• Catherine

    Furthermore, I would like to point out that giving the kind of advice which is given in the above article is a very grave sin and all the more so in such a public place as this. It misleads many poor people and puts their souls in even greater danger. I realize that it is done with a charitable intention, but the Lord did not mince words about marriage and divorce and neither does the Church, and we should stop being so cavalier about the issue of annullments. Heaven and Hell are for real and so is the judgment of God.

  • Mary Kochan

    Catherine, Heidi has written enough and CE has published enough for it to be abundantly clear that we support the Church’s teaching on marriage. So does that mean that we can have nothing of value to say to mothers who have declarations of nullity or are widowed or were never married? Should we just walk around and pretend they do not exist? I grew up in and was coercively “married” in a cult. The Church recognized the coercive and unjust nature of that situation and gave me a declaration of nullity. The result of that is that my children have a wonderful Catholic step-father.

    If all you had to say to me at the time I became Catholic was what you said above, your advice would have been less than useless.

    The fact is that some of what look like “second” marriages from the earthly perspective are really first marriages.

  • s74748

    I know I was struggling to get out of the house this morning because God wanted me to read this article. I must comment on it. I could write a book on it and also another book on the comments that were made to it.
    Here’s a very short and condensed version of my comments:
    Sadly, I’m one of those persons who went through a very painful divorce (against my wishes). I hoped and prayed that he would come to his senses – how could he leave me and our two wonderful children? After a divorce, then annullment, I remarried – not rightaway but after a few years.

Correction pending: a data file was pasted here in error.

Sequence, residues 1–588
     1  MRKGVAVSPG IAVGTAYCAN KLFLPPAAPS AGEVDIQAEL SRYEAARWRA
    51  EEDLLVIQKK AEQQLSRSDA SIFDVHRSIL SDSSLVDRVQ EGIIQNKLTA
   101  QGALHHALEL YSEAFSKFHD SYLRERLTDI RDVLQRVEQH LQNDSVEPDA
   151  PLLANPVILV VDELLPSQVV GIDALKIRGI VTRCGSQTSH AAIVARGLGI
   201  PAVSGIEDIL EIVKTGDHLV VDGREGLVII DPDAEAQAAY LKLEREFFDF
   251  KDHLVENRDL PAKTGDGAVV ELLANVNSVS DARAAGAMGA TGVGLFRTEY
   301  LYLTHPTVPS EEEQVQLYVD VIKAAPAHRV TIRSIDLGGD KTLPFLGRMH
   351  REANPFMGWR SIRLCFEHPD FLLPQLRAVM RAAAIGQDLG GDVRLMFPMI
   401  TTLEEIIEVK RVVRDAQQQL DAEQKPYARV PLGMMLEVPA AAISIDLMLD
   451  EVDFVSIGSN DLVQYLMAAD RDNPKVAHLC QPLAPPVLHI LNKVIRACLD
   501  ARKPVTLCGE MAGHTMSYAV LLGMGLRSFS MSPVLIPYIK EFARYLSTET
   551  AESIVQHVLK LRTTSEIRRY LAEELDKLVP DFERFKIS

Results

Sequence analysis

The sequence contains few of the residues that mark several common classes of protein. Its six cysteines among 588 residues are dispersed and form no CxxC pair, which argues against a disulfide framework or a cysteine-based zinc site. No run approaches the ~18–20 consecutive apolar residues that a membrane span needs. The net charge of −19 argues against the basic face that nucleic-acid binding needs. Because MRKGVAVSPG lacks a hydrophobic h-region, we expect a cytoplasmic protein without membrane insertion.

If there is any advice I would give to any woman who has HAS HAD TO GET a divorce who has children I would say “DO NOT GET REMARRIED”. Be the best parent you can be for your children. Love them. Surround yourself with other families where the father is involved with his children – a man of integrity, a good strong Catholic who they can see as a role model. If you feel strongly that you have to remarry, wait until your children are grown and out of the house.

  • Mary Kochan

    While that may have been the right advice for you, it may deny other’s children the opportunity to be raised by a faithful and loving Catholic man. It might deny some boys the only chance they have to live with and observe a good male role model. It might deny some girls the chance to learn how a real man takes care of a family and what to look for in their own future mates. It might deny other children a chance to get a good education and live in a stable and safe home environment. Sorry, but one size simply does NOT fit all here.

  • http://crwoodworks.com Suzi Lunt

    Wow, how thought provocking. Violence brought my first marriage to an end. No I wasn’t strong in my faith that I had converted to. I was even angry with God. But I couldn’t stay away from the Chruch. I met a wonderful man, and we married in the Chuch (my first husband died after divorce), he adopted my first son. We have two additional children that he agreed to raise Catholic. This past Easter our oldest son was his sponsor as he entered the Church. What a blessing.

    My point is that God is good. He is loving and though divorce is not his choice for us, He still gives us free choice and then He uses our human fraility to build up His kingdom when we are available to Him. He is always faithful and always availble to us. With out His kindness and endless mercy I wouldn’t be here. I wouldn’t have additional children and my husband wouldn’t be Catholic. His mercy, His grace, His love, His kingdom we serve daily. God Bless.